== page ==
Word of the Day – Chattel

By January 3, 2019 Word of the Day

Chattel (noun)

chat-l

A personal possession

Middle English: from Old French chatel, from medieval Latin capitale, from Latin capitalis, from caput ‘head’. Compare with capital and cattle.

Example sentences

“She said money-lenders seemed to target people who owned chattels.”

Word of the Day – Clairaudience

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Clairaudience (noun) kler-aw-dee-uns The supposed faculty of perceiving, as if by hearing, what is inaudible. Mid 19th century: from French clair ‘clear’ + audience, on the pattern of clairvoyance. (more…)

Word of the Day – Wanwit

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Wanwit (noun) won-wit Informal. A foolish, witless, or insane person; an idiot; a lunatic. Now archaic and rare. Late Middle English (in an earlier sense). From wan- + wit. (more…)

Word of the Day – Corporeity

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Corporeity (noun) (rare) kor-por-ree-it-ee The quality of having a physical body or existence. Early 17th century: from French corporéité or medieval Latin corporeitas, from Latin corporeus ‘composed of flesh’, from…

Word of the Day – Gambit

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Gambit (noun) gam-bit An act or remark that is calculated to gain an advantage, especially at the outset of a situation. (in chess) an opening move in which a player…

Word of the Day – Yokel

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Yokel (noun) yo-kl An uneducated and unsophisticated person from the countryside. Early 19th century: perhaps figuratively from dialect yokel ‘green woodpecker’. (more…)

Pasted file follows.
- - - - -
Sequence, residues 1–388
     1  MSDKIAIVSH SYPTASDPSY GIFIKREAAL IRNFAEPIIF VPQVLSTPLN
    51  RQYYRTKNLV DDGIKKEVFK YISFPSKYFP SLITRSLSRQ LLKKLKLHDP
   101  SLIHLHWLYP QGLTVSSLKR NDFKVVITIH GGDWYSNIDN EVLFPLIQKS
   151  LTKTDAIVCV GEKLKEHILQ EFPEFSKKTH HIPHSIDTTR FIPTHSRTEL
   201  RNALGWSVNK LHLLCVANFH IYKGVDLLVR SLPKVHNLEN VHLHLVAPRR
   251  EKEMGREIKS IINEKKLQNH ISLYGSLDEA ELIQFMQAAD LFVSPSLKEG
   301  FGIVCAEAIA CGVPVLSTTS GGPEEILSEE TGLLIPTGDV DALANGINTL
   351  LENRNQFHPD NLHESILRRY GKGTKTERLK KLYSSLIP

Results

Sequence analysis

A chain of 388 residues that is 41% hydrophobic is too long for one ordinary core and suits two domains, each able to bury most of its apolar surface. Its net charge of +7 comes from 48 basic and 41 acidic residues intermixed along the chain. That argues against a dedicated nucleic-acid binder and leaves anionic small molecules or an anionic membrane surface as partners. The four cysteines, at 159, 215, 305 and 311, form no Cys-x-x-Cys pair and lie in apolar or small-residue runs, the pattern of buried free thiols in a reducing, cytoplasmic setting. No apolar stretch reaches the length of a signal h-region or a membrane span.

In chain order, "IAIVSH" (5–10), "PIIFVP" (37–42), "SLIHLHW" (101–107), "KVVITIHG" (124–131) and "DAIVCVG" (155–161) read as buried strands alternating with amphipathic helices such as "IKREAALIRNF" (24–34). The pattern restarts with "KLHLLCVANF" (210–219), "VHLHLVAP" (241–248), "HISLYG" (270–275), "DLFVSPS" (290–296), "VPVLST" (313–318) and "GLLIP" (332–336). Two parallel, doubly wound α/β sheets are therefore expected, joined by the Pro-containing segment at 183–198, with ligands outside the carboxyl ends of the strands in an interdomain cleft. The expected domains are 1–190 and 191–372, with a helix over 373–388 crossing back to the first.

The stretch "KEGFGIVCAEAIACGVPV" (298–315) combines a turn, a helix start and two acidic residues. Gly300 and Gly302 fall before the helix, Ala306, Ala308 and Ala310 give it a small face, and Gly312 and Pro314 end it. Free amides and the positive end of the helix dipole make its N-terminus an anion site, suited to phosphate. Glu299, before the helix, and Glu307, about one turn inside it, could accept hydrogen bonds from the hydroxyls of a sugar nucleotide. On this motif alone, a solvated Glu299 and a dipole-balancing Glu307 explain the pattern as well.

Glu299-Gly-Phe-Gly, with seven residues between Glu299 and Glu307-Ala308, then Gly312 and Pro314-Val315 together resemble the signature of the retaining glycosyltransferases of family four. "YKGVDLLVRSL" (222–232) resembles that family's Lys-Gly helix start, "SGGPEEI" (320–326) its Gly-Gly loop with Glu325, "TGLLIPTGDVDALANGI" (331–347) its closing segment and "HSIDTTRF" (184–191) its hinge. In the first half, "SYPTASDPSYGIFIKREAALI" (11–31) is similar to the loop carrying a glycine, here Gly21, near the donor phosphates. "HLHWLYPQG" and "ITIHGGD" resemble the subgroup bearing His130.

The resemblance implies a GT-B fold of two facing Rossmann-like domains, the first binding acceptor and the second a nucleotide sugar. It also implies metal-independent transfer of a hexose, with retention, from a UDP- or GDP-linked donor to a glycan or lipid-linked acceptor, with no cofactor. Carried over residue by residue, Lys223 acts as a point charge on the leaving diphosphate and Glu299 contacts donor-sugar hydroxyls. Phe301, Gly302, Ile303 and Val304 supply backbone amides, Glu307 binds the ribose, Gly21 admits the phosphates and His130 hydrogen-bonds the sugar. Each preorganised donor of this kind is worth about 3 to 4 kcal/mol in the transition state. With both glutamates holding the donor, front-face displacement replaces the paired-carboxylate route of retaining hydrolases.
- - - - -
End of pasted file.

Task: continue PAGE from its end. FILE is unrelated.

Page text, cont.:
Word of the Day – Welshcomb

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Welshcomb (verb) wel-sh-coam To comb (the hair) using the thumb and fingers; to make (a person) ready in this way. 1920s; earliest use found in James Joyce (1882–1941), writer. (more…)

Word of the Day – Grockle

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Grockle (noun) grok-el A holidaymaker, especially one visiting a resort in Devon or Cornwall. An invented word, originally a fantastic creature in a children's comic, adopted arbitrarily and popularized by…

Word of the Day – Histrionic

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Histrionic (adj) his-tree-on-ik Excessively theatrical or dramatic in character or style. Mid 17th century (in the sense ‘dramatically exaggerated, hypocritical’): from late Latin histrionicus, from Latin histrio(n-) ‘actor’. (more…)

Word of the Day – Phenotype

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Phenotype (noun) (biology) fee-no-tipe The set of observable characteristics of an individual resulting from the interaction of its genotype with the environment. Early 20th century: from German Phaenotypus (see pheno-,…

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